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  1. Revenues and reputation have taken a hit in the wake of the US Department of Homeland Security's decision to prohibit use of its products and services by the feds, the company says. Security vendor Kaspersky Lab has filed a motion for a preliminary injunction in its lawsuit challenging the US government's recent ban on the use of the company's anti-malware products by federal agencies. The ban has seriously hurt Kaspersky Lab's reputation and revenues and should be overturned expeditiously, the company argued in the motion filed Wednesday in US District Court for the District of Columbia. The US Department of Homeland Security (DHS) last September ordered the removal of Kaspersky Lab software and services from all federal information systems covered under the Federal Information Systems Management Act, and banned further use of all products from the company. The ban, issued under DHS Binding Operational Directive (BOD) 17-01, stemmed from concerns about the firm's ties to the Russian government and the belief that Russian agents had used the company's software to steal sensitive data from US government systems. In its motion, Kaspersky Lab claimed the ban has caused considerable reputational damage and loss of sales to the company in North America. The debarment has precluded Kaspersky Lab from doing business with the US federal government, while hurting its consumer and commercial business as well, the motion said. US retailers that used to carry its products have now removed it from their shelves and are encouraging customers to switch to rival products, resulting in an overall decline in North American sales of over 50% during the second half of 2017. According to Kaspersky Lab, the government issued the BOD without giving the company enough notice or enough of an opportunity to contest the evidence for the ban, thereby violating Fifth Amendment rights to due process. The BOD is also not supported by any substantial evidence and is therefore both "arbitrary and capricious," Kaspersky Lab said in seeking an injunction overturning the ban. "DHS used the BOD to achieve a preordained result—the immediate debarment of Kaspersky Lab, and the consequential and foreseeable adverse effect on its U.S. commercial sales," the security vendor said in its motion. "The BOD achieved this result while depriving Kaspersky Lab of any meaningful or constitutionally sound process to challenge the tenuous, often anonymous, and uncorroborated media stories and other self-serving public statements which DHS relied upon to justify its action." Ed McAndrew, a trial lawyer at Ballard Spahr, says Kaspersky Lab's injunction is curious in what it does not seek. After the ban went into effect, it was codified into law under the 2018 National Defense Authorization Act, he says, and as a result, the government will likely argue that Kaspersky’s challenge to the agency actions is moot. Kaspersky Lab is attempting to use the Administrative Procedures Act (APA) to challenge DHS's administrative actions. But "there's no need to focus on the administrative action because we now have the ban codified as a law," McAndrew says. In addition, the DC federal court has previously already ruled in another case that the APA does not provide a basis for judicial review under FISMA, he adds. The security vendor's bid to get a temporary injunction — and eventually a permanent injunction— against the ban faces other legal challenges as well, McAndrew notes. To obtain injunctive relief the company will have to prove a variety of things, including the fact that it will suffer irreparable harm, and that issuing an injunction would be in the public interest. It is unlikely that the company will be able to satisfy any, let alone all, of the requirements, he says. "Winning the case may not be Kaspersky's only objective," however, McAndrew notes. "Seeking injunctive relief will provide Kaspersky with a public judicial forum in which to air its dispute with the government's action – and perhaps to attempt to repair its reputation." If a hearing is held, Kasperksy Lab will have an opportunity to publicly present evidence disputing the disbarment while requiring the government to present public proof of the basis for its decision to ban Kaspersky Lab products, he says. source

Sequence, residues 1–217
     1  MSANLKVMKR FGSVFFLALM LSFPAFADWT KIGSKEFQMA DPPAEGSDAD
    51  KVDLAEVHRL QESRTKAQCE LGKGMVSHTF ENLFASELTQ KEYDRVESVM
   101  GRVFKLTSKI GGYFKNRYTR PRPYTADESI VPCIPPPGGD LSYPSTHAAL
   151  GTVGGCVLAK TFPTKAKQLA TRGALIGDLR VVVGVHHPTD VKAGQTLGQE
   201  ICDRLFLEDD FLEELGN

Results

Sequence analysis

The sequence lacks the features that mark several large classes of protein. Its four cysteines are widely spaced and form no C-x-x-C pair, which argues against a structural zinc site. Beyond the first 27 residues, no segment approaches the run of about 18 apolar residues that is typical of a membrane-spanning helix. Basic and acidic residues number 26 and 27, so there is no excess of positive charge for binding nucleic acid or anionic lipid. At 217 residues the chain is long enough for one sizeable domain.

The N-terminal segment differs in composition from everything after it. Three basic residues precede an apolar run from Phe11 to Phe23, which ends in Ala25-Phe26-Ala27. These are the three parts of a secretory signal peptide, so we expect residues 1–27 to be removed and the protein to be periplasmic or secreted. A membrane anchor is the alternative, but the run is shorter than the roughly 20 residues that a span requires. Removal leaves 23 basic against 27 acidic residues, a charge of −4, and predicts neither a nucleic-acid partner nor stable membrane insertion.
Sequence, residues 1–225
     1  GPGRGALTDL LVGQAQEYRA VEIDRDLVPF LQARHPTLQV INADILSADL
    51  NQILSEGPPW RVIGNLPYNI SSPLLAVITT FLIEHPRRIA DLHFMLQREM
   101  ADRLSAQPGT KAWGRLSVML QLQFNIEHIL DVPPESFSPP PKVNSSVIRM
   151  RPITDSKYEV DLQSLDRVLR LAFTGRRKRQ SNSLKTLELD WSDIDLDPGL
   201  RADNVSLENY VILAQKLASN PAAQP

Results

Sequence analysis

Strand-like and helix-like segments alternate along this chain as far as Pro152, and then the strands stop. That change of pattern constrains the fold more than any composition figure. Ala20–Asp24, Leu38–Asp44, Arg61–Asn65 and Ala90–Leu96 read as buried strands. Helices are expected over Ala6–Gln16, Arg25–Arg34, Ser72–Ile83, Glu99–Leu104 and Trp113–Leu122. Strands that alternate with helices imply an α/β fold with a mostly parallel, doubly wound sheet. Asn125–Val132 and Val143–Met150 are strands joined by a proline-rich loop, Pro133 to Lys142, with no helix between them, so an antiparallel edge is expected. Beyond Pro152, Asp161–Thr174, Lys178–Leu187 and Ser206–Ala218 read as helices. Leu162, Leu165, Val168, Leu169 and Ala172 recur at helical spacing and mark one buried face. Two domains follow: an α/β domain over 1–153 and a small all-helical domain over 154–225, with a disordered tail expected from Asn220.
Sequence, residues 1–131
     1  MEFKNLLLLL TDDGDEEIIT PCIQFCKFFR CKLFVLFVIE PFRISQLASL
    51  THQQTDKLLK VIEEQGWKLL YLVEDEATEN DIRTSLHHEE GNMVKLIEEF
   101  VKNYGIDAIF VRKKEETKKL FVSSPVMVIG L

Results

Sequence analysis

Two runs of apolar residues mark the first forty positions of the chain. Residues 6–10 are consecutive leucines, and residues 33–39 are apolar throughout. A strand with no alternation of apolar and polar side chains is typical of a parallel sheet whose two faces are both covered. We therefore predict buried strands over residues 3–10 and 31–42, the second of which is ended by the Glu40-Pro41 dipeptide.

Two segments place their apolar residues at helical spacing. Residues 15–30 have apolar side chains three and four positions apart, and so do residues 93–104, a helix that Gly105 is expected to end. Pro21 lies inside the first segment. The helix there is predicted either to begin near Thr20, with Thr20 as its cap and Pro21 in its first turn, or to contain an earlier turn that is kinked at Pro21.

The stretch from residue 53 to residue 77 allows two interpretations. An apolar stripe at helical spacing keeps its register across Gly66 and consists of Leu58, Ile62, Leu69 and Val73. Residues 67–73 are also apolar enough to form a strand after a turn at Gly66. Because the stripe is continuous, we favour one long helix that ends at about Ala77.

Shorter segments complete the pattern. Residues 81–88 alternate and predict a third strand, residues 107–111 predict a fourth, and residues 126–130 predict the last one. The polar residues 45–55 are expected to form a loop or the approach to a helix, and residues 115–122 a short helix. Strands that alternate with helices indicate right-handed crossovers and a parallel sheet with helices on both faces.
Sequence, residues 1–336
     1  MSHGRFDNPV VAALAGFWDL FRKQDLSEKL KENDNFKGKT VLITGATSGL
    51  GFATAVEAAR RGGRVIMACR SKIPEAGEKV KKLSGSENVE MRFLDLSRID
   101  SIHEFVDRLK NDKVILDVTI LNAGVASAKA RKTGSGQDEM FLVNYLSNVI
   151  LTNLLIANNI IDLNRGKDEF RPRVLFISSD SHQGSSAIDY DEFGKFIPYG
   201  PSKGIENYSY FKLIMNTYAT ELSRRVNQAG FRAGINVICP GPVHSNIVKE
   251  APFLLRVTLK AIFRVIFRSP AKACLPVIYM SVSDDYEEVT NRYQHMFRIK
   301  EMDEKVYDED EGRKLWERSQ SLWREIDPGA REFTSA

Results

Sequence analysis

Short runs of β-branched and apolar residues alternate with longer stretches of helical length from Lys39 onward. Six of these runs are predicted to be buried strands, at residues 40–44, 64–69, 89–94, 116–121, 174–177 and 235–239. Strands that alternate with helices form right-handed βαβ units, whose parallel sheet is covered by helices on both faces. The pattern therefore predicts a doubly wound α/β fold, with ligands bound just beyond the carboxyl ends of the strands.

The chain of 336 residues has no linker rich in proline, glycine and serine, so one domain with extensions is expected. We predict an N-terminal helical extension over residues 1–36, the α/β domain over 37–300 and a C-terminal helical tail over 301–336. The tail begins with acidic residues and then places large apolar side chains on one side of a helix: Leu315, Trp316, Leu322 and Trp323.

2. Kaspersky is being reviewed by NSA Kaspersky Lab is stuck in the middle of a rather nasty fight between Washington and Moscow as the Russian-based anti-virus provider is being investigated by the US intelligence agencies. Following news that US officials were more and more concerned about how Russian spies could use Kaspersky's software to spy on Americans and sabotage US systems, the National Security Agency has revealed that it is reviewing the government use of the company's products. Mike Rogers, NSA Director, told a Senate committee that he was personally involved in monitoring the Kaspersky issue, but refrained from elaborating, most likely due to the sensitive nature of the situation. Defense Intelligence Agency Director Vincent Stewart also confirmed the investigation saying they are tracking Kaspersky and their software. Kaspersky's defense Kaspersky has issued a statement earlier this week saying the allegations are false. "The company has a 20 year history in the IT security industry of always abiding by the highest ethical business practices, and Kaspersky Lab believes it is completely unacceptable that the company is being unjustly accused without any hard evidence to back up these false allegations," the statement reads. The company points out that the reports are unlikely given how engaging in such an act would ruin a multi-million dollar business that took decades to build. Furthermore, Kaspersky notes that users have full control over telemetry sharing, with participation being voluntary. Kaspersky also points out that over the past ten years, they've discovered and publicly reported on multiple Russian-speaking cyber espionage campaigns, despite the connection the company has with the country. Eugene Kaspersky, the company's founder and CEO, also addressed the issue during an AMA session on Reddit. He said he would be happy to testify before the Senate to clear up any concerns regarding the products his company makes. "I respectfully disagree with thier opinion, and I'm very sorry these gentlemen can't use the best software on the market because of political reasons," Kaspersky said. Source